Answer: It is the phrase “troubles melt like lemon drops”, where the writer alludes to how one’s troubles will disappear as quickly and easily as the candy. Other than “as X as Y” or “ Y”, where intended character or item takes on properties of the object referenced.

Metaphors are similar to similes but omit the use of ‘like’ or ‘as’ in their construction and often make a link between a person and an object, that would be impossible literally. Check out how Mulan sings it in this song:

Did you manage to catch it? Yes, it was the part of the song where she says “they want a docile lamb”. Now if it was in the context of dinner, perhaps this metaphor wouldn’t work because people do and can quite literally eat lamb. BUT this was in the context of Mulan reflecting on her identity as a daughter who wants to fight in place of her father. So it wouldn’t make sense for her to literally be a lamb. Hence, it is a clear use of a metaphor to convey the idea of her family wanting her to be the typical girl of her time - one who would not disagree with her parents wishes, much less fight in a war.

Suggested Activity: Make your own Mismatched Metaphors

It gets really funny when wrong metaphors are used in the wrong context. So why not try making mismatched metaphors with your children as you look at the songs? After all, learning happens even when wrong answers are made, what more if these errors are intentional! Get going in giggles (alliteration again!) as you and your children come up with different metaphors that might not match the context or draw out the correct characteristics required by the storyline.

So instead of saying:

They want a docile lamb.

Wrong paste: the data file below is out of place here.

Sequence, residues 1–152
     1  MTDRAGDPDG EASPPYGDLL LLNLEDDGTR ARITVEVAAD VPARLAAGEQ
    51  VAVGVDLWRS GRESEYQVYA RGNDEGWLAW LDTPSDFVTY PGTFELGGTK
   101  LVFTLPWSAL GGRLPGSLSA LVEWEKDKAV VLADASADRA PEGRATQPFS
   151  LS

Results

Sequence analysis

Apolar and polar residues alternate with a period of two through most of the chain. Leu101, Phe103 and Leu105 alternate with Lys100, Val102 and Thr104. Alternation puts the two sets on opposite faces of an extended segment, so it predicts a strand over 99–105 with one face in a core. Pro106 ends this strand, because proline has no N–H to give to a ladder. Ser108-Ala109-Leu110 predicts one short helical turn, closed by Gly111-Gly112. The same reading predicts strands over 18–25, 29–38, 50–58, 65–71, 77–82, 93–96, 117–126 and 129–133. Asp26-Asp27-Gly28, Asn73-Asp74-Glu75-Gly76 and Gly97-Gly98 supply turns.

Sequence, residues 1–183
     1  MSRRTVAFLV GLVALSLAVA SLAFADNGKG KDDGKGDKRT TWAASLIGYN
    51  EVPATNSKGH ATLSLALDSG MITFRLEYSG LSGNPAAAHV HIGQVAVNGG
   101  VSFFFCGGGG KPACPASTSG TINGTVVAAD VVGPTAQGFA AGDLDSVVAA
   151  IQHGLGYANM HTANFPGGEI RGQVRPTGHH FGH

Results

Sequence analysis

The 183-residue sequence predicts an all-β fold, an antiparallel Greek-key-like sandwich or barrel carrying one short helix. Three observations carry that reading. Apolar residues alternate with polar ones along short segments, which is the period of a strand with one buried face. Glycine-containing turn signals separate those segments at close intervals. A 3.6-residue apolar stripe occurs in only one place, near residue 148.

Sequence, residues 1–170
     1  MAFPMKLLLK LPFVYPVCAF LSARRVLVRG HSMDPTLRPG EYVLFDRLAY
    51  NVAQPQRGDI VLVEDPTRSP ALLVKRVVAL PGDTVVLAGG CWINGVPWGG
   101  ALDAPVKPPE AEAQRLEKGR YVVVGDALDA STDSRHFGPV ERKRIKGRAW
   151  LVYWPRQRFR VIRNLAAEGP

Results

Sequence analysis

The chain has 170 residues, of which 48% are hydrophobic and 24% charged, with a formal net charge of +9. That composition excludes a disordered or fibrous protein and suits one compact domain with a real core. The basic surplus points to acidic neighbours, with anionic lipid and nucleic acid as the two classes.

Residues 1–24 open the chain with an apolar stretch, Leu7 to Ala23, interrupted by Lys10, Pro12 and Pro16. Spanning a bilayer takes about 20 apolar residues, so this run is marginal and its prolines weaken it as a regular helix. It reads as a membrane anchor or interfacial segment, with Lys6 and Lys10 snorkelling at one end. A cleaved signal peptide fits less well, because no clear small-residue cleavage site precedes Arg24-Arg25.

You and your children might come up with something ridiculous like:

They want a yummy clam.

After your laughter, you can discuss why this is funny in this context. You can ask questions on what clams are like, what characteristics they embody and whether they help convey the idea that Mulan’s parents want somebody obedient and domesticated for a daughter instead of someone who would go to battle.

To help your children remember what they have learnt, encourage them to use these newly learnt similes and metaphors in their writing. After all, practice makes permanent. But don’t worry if their writings are not peppered with the use of figurative language. As you can tell from the songs, they appear at appropriate times and are used only when the situation suits it. To have too many of them would be almost like have a meal that is overly salty (there’s an analogy there for you). So go easy on them, use them sparingly to spice up their writing (aha! A metaphor!) and before you know it, using figurative language in their writing will be as easy as 1, 2, 3 (a simile right here).

About the author: Karina is a stay-at-home-mum to her two babies, with a keen interest in the stuff of languages, ignited no less by her studies as a linguistics major in university and her prior experience teaching at the secondary level.